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Judge: Haren not allowed as write-in

With voting already underway in the August General Election, Chancellor Richard Johnson denied a request by Eddie Haren to have his votes counted as a write-in candidate for county commission in the 8th District.
The denial came during a hearing Monday afternoon where Haren represented himself in his case against the Washington County Election Commission.
The hearing stemmed from an error made in June by Election Administrator Connie Sinks, who mistakenly told Haren the wrong filing date for write-in candidates, causing him to file his paperwork two days after the state deadline.
Following the error, the election commission voted against counting any write-in votes for Haren because he filed late.
On June 30, Haren filed a petition with the court that was served on the election commission on July 6. The petition requested a judge hear the case and allow any votes he garnered in the election to be counted.
Legally, the commission had 30 days to respond to the petition and did so on July 29 with Monday’s court hearing subsequently being set.
County Attorney John Rambo argued in the courtroom that early voting had already taken place and allowing votes for Haren to be counted at this point would be disruptive to the election process.
“We already have an election going on. By some estimates, we’re a third to a half way through it,” Rambo said. “These issues were not resolved before people started casting their ballots.”
Sinks testified that 396 voters in the 8th District had already voted, either by absentee ballot or during the early voting period.
Rambo argued that allowing people to vote for Haren at this stage would be unfair to the two incumbents — Ben Bowman and Everett Jarrett — currently running for the two available seats.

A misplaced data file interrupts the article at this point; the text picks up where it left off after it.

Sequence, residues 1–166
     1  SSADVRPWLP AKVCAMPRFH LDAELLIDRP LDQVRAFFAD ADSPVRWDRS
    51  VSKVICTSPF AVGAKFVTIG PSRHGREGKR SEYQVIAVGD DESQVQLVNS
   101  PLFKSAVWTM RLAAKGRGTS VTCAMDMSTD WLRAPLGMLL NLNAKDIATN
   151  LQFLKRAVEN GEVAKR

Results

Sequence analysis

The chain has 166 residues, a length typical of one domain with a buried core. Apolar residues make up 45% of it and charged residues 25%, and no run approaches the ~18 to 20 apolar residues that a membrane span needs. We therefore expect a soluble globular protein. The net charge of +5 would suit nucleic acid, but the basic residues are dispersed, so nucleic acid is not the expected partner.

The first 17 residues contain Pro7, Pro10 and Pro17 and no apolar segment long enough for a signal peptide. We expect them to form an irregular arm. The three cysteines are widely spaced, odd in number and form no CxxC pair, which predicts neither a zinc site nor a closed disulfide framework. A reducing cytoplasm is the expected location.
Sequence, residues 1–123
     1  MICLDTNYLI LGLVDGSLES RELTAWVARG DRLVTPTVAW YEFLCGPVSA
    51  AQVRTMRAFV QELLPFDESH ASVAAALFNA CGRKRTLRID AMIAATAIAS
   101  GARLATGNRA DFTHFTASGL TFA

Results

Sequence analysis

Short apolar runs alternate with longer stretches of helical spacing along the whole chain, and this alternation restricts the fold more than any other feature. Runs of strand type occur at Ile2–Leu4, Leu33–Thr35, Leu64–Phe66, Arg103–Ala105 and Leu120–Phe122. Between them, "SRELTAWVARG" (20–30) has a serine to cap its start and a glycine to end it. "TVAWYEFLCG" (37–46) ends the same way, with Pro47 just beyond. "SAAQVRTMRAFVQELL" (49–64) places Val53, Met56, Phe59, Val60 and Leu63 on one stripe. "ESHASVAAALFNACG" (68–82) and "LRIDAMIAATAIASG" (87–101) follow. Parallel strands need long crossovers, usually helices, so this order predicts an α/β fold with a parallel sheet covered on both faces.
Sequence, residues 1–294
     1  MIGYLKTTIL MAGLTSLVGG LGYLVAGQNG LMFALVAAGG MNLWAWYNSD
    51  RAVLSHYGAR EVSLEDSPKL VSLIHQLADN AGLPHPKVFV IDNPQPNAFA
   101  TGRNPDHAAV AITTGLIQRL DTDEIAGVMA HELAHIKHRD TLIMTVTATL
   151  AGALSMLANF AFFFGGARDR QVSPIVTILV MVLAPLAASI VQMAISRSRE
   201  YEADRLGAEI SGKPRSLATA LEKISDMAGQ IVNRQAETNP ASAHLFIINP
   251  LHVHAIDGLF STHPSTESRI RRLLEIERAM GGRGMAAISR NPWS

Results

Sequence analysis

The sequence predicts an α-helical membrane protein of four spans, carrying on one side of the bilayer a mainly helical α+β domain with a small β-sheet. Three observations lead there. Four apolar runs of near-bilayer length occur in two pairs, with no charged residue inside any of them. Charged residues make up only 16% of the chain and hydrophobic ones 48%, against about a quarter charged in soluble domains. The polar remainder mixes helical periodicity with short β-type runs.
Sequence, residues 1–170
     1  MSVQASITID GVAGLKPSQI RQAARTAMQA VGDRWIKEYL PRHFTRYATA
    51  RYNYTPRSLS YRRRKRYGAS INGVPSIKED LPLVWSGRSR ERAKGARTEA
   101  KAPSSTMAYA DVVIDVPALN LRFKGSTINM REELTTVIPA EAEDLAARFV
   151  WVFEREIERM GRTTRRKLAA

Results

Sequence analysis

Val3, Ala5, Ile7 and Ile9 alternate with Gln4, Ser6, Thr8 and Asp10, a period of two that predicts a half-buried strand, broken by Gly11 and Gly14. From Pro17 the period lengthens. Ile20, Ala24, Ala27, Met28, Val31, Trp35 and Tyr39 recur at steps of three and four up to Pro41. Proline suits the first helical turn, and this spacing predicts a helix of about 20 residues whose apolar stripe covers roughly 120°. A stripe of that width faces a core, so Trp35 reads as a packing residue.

“These two gentleman do not know they have a write-in candidacy being waged against them,” he said. “They might have altered their election strategy if they knew.”
Haren took issue with the election already being underway, pointing out he had filed his petition to the court two weeks before early voting was to begin.
“I thought when I originally filed it it would have been moved along quickly so it could be handled before early voting began,” Haren said. “I thought I did everything I was supposed to do. I called and no one could tell me what was going on. That left me, as the candidate, with no place to go.”
According to Rambo and Johnson, Haren could have filed a request for an extension of the filing deadline based on his situation, but he failed to do so. Haren also could have filed a writ of mandamus, which essentially asks the court to make a governmental entity “do what it’s supposed to do.”
Both of those things might have hurried up the case.
“If I’d known to do that, I definitely would have done it,” Haren said. “I tried to get to court as fast as I could.”
Following about an hour-long hearing, Johnson announced his decision to deny Haren’s votes from being counted.
“This is an election in progress,” Johnson said. “It would be disruptive at this point to attempt to put Mr. Haren on the ballot.”
After the court hearing, Rambo said he didn’t know if he thought the outcome would have been different if the hearing had taken place prior to early voting getting started.
“There were seven different factors the judge cited in his decision, so I don’t know, but I think it would have been more timely, certainly,” Rambo said.
While Haren argued that the county stalled the process, and not him, Rambo disagreed.
“He was consistently told after the deadline was missed that he would have to go to court,” Rambo said. “When you have to go to court, it is always best to at least get legal assistance.”